Millennials' growing desire for access to public transportation has been attracting them to core urban areas for years now. The huge shift in consumer spending habits has also largely been driven by this demographic, and among those changes is the abandonment of buying and owning cars. Atlanta has taken notice of this lifestyle choice and is responding with new transportation infrastructure.

A panel held last week on the city’s Downtown Development Day, called “Re-Shaping Atlanta Streetcar Neighborhoods for the Millennials,” brought together several local real estate developers to discuss the Atlanta Streetcar project. The project is a response to an influx of Millennials to downtown Atlanta in the past few years and will see the construction of a 2.7 mile stretch of new streetcar route with plans to run the streetcars every 15 minutes. Sort of a hop-on, hop-off idea to improve urban mobility.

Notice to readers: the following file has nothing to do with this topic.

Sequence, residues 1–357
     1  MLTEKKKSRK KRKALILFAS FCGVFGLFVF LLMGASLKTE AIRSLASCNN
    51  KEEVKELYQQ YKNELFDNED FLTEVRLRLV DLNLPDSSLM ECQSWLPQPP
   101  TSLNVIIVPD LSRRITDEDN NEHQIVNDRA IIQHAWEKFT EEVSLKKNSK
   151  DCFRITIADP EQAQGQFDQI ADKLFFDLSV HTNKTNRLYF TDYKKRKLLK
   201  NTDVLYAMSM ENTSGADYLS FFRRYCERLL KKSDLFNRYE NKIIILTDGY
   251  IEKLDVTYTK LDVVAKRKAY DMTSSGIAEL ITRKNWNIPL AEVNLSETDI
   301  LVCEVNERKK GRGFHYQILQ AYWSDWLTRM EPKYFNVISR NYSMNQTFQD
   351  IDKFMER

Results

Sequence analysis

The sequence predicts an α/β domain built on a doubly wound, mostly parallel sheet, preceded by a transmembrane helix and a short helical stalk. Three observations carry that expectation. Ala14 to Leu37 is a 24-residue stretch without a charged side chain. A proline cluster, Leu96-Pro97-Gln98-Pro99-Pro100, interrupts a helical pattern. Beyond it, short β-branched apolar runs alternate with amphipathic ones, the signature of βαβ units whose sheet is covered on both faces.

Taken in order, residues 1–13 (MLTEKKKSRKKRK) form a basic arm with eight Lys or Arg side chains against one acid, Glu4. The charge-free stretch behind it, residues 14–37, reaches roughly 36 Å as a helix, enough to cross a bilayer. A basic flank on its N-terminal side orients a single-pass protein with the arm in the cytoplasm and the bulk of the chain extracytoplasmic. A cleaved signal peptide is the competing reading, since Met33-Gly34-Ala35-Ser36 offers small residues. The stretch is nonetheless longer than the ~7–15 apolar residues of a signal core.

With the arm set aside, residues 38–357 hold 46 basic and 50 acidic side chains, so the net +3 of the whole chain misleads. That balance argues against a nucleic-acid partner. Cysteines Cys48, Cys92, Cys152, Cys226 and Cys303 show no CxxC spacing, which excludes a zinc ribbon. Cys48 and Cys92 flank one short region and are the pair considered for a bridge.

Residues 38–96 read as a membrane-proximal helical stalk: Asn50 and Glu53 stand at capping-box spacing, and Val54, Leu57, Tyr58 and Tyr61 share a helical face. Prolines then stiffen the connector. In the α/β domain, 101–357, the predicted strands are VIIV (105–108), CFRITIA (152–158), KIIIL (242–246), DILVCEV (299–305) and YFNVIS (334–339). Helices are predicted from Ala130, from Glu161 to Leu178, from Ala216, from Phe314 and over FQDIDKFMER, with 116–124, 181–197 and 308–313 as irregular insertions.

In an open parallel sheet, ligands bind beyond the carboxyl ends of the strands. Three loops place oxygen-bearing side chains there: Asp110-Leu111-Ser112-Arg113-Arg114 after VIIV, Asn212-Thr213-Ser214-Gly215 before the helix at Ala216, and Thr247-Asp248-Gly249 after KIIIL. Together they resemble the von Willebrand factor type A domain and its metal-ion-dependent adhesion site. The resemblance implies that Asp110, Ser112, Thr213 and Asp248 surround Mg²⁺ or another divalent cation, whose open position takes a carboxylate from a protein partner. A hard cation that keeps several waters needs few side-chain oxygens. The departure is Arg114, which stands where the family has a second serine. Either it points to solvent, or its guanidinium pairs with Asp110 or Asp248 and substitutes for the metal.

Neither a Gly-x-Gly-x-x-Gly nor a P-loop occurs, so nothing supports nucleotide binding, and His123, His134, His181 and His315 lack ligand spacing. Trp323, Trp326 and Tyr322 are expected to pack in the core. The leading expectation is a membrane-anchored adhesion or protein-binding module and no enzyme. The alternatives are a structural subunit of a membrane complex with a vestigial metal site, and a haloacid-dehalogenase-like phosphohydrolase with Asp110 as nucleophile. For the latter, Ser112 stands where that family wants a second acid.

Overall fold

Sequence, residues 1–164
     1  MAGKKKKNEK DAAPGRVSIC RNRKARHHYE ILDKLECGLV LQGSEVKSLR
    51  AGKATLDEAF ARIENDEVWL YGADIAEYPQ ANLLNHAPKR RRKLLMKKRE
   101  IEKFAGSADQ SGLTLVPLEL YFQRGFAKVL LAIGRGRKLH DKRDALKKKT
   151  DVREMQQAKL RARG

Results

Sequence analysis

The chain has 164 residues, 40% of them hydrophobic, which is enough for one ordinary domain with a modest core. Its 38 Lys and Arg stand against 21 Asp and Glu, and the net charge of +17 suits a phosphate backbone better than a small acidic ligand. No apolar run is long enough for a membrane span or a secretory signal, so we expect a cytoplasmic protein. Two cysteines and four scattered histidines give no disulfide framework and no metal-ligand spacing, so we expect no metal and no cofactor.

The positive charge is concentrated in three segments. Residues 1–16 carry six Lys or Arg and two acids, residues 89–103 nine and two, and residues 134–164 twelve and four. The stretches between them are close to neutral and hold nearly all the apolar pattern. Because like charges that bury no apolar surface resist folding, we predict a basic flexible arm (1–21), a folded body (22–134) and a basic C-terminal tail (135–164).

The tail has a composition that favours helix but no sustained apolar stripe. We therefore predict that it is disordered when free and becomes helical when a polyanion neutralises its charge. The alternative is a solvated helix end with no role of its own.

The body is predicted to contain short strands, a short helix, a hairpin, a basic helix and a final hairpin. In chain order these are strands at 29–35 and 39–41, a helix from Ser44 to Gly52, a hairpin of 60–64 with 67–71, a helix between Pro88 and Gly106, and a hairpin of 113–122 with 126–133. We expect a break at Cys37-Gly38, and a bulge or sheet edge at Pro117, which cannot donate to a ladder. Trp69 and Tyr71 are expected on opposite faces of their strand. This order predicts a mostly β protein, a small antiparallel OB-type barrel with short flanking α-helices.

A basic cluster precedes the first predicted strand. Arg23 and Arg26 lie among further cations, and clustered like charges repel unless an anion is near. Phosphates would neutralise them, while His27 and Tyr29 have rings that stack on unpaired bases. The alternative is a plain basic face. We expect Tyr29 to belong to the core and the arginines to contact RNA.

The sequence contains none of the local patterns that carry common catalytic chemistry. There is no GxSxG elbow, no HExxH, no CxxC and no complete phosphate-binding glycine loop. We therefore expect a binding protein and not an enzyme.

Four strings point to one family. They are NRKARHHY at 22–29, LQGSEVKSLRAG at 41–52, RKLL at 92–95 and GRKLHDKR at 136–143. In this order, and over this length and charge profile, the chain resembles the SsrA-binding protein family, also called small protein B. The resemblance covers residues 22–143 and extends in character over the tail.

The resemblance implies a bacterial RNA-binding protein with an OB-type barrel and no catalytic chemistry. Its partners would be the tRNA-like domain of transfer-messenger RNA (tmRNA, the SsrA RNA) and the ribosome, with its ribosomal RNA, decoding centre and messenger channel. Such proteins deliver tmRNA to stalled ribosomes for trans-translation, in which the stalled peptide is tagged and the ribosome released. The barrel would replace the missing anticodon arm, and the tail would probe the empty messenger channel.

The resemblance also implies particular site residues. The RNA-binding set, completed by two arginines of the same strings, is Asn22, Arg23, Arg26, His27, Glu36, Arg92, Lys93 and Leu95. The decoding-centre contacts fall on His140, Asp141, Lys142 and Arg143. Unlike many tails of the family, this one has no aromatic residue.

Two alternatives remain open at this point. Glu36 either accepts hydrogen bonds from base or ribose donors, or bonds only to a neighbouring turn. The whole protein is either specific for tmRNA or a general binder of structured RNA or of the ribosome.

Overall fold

But why cater to just one generation’s demands? Well, according to the panel, this demographic's turn-ons include walkability, transit, and robust data plans. Turnoffs include long commutes and soul-less suburbs. So Atlanta hopes the project, expected to be operational in a year, won't only attract more Millennials to the downtown area, but also provide a boost for local businesses by bringing their consumers directly to them.

Research from the group CEOs for Cities shows that since 2000, Atlanta has seen a 61 percent increase in the Millennial population in its close-in neighborhoods. And ranks Atlanta No. 17 on its list of the top 20 cities for Gen Yers to find work.

But the question remains: If you build it, will they really come?